Oil players in Trinidad & Tobago are urging changes to the government’s supplemental petroleum tax on oil production, which they say in its current form discourages investment and inhibits oil exploration.
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If Guyana is to experience sustained growth leading to the development of a worldclass energy industry that benefits the local economy, it is critical that a robust safety culture is embraced now. Imperative would be the adoption of safety systems and procedures that international operators consider basic to a safe and productive operation. Adherence to such systems would also give locally owned and operated contractors greater access to work in the sector, which will enhance local content development.
The energy sector has predominantly had more males than females in senior roles. This is a global phenomenon and is not unique to Trinidad and Tobago. The International Energy Association (IEA) stated in an article in 2018 that the energy sector remains one of the least gender-diverse sectors, despite recent efforts to promote and encourage women’s participation. The IEA article alludes to inclusion of all human resources for key drivers of innovative and inclusive solutions.
DeNovo moved from start-up, new upstream operator to Trinidad and Tobago’s first local natural gas producer in just under 3 years, delivering first gas from the Iguana field in Block 1(a) in November 2018. Founded in 2016 by Joel “Monty” Pemberton, DeNovo’s Iguana greenfield development involved drilling three production wells, installing a Sea Swift conductor supported platform, along with a 45 km offshore and onshore pipeline, and constructing an onshore Gas Processing Unit with a capacity to process up to 90 MMSCFD of natural gas.
The first few months of 2019 are set to be a busy time for deepwater exploration in Trinidad and Tobago, with BHP reportedly set to drill three wells to follow up its Bongos 2 discovery last year. The Bongos 2 well was drilled in BHP’s Trinidad and Tobago Deep Atlantic Area (TTDAA) Block 14, in deepwater east of Tobago. BP holds a non-operator share in the block. The wells will be drilled by the Deepwater Invictus drillship, which has been drilling for BHP in TTDAA and the Gulf of Mexico.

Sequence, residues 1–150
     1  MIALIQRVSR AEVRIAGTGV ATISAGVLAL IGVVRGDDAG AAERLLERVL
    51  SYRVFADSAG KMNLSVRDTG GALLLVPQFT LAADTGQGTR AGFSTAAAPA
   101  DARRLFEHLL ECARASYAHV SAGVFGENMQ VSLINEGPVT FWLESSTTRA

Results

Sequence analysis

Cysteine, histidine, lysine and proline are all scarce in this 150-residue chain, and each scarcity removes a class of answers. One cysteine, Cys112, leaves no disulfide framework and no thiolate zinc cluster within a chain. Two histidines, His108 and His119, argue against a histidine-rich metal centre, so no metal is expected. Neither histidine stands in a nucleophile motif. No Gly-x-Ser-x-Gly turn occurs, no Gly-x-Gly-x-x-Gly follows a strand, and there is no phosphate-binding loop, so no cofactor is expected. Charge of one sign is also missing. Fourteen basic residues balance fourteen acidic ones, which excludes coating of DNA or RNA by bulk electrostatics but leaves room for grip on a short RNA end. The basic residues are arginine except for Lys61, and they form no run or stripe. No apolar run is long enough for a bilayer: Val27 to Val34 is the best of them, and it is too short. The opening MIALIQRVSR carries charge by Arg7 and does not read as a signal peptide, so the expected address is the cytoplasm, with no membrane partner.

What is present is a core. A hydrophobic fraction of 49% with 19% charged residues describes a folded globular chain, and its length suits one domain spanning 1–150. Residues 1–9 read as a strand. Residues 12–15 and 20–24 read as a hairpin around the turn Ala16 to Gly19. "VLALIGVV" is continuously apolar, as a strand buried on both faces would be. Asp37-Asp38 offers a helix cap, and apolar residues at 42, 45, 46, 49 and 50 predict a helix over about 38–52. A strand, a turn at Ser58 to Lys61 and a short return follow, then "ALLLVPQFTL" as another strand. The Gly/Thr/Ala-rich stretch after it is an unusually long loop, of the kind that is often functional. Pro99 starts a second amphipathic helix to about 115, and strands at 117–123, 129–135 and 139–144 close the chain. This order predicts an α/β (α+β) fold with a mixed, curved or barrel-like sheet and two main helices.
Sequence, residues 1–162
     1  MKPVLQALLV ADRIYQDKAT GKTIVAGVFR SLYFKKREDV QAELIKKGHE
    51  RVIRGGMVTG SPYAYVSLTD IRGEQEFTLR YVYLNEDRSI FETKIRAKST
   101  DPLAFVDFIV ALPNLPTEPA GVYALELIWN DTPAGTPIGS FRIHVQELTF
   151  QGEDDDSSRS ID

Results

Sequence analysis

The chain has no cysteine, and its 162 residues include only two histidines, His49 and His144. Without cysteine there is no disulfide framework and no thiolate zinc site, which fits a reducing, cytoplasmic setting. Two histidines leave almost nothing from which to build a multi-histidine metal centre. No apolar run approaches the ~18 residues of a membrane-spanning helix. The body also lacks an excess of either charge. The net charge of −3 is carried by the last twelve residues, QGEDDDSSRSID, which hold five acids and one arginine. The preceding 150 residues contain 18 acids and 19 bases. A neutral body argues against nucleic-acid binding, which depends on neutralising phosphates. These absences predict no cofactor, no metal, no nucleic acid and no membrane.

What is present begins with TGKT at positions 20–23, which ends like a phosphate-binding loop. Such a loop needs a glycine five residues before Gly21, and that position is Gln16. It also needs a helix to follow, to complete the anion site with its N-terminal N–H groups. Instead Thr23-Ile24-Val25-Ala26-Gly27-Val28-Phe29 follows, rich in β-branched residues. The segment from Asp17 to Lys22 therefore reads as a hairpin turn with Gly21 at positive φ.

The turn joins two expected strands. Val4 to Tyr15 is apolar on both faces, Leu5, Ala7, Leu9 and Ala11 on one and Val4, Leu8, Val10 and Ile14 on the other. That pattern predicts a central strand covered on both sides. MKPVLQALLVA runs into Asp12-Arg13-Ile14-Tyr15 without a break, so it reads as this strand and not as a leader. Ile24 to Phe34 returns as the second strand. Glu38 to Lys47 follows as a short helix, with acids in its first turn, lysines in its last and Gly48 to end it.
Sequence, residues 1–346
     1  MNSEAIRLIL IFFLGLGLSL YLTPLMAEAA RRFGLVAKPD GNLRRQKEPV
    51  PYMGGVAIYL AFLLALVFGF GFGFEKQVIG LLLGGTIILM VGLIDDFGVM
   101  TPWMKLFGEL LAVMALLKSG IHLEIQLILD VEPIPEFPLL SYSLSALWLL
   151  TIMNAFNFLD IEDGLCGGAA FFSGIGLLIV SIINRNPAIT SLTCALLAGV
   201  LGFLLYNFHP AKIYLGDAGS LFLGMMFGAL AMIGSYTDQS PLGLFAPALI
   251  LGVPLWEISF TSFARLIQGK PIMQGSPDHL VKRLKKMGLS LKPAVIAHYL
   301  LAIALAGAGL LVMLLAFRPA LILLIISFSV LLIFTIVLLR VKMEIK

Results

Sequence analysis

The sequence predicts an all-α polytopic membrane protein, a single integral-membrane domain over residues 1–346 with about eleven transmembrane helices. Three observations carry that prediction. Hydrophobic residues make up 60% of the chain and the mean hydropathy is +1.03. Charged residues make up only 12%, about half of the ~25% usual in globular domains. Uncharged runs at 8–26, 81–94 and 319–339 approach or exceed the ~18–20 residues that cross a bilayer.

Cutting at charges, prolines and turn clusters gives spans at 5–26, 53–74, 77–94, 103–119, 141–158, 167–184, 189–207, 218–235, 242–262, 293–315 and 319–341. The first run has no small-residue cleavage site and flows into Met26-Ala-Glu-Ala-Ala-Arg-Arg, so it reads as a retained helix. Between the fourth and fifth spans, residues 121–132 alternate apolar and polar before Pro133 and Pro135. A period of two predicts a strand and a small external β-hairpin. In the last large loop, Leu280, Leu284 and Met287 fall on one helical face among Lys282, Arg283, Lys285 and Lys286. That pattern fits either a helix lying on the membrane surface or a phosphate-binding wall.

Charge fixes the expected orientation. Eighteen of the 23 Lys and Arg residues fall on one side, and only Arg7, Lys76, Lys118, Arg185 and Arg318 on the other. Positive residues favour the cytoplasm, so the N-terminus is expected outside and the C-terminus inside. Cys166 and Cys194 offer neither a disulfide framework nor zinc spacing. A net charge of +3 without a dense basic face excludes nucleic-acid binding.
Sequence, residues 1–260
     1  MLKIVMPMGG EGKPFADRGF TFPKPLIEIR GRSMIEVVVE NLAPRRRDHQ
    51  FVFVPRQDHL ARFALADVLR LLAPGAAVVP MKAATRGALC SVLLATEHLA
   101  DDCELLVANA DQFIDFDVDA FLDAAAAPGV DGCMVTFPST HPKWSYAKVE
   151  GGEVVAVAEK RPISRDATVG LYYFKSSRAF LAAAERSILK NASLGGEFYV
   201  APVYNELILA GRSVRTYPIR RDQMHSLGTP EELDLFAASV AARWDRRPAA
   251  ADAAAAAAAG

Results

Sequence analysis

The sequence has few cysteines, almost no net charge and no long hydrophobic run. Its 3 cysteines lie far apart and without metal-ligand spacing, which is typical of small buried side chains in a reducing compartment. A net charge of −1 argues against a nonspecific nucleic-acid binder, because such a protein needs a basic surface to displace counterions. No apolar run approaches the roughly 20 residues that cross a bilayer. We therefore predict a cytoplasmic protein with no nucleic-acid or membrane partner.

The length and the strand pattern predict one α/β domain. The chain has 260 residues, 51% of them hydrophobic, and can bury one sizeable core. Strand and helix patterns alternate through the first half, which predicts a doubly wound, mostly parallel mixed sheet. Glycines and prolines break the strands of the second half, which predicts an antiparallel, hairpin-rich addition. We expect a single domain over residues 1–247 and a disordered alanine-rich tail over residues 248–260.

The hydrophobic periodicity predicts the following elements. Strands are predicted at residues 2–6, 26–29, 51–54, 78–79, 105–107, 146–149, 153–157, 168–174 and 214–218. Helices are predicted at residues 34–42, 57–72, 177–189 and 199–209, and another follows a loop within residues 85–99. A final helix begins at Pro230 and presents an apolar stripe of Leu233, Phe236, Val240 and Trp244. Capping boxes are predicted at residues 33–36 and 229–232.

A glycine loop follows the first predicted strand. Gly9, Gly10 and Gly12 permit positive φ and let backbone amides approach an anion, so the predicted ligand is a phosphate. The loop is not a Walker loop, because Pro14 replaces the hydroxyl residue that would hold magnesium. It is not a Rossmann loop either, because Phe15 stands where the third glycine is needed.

Once again, it is my distinct honour and pleasure to deliver the feature address at this the opening of 2019 Energy Conference and Trade Show hosted by the Energy Chamber of Trinidad and Tobago. I want to thank the organizers for the sterling effort dedicated towards organizing this very important event and for being so kind to invite me to address you. It is an opportune moment, coming soon after my nationwide broadcasts and public conversations with the nation, on the state of affairs of the economy of Trinidad and Tobago (T&T) and particularly, the contribution of the energy sector.
The first export of crude oil from Petrotrin was loaded onto the tanker Hellespont Progress on Tuesday 30th October 2018 and is listed as being destined for Panama on marine tracking websites. According to a press release from Petrotrin dated 1st November 2018, the tanker was loaded with approximately 500,000 barrels of crude oil which was purchased by Trafigura Oil Traders, one of the world’s major commodity traders.
The decline in Trinidad and Tobago’s liquefied natural gas (LNG) exports over the past few years, on the back of falling natural gas production, has seen big declines in the volume of exports to Argentina and Brazil. Volumes destined for Trinidad and Tobago’s other major markets, such as Chile, USA, Central America and the Caribbean have remained relatively robust.
Over 36 years after being discovered, the Iguana gas field in Block 1(a) is on track to begin production in 2018. Local drilling contractor, Well Services Petroleum Company Limited (Well Services), has announced the completion of a three-well development campaign for the Iguana field, which is owned and operated by DeNovo Energy Limited (DeNovo).